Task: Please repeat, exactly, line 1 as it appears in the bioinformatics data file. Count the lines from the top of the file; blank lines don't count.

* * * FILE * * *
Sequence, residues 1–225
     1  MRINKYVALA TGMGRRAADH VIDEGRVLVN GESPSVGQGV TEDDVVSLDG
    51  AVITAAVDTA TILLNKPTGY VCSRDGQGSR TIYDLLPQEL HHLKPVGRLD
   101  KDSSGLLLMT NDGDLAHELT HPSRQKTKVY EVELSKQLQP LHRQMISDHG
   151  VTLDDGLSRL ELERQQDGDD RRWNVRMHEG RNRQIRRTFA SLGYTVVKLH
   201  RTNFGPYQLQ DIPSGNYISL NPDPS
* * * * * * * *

Sequence, residues 1–225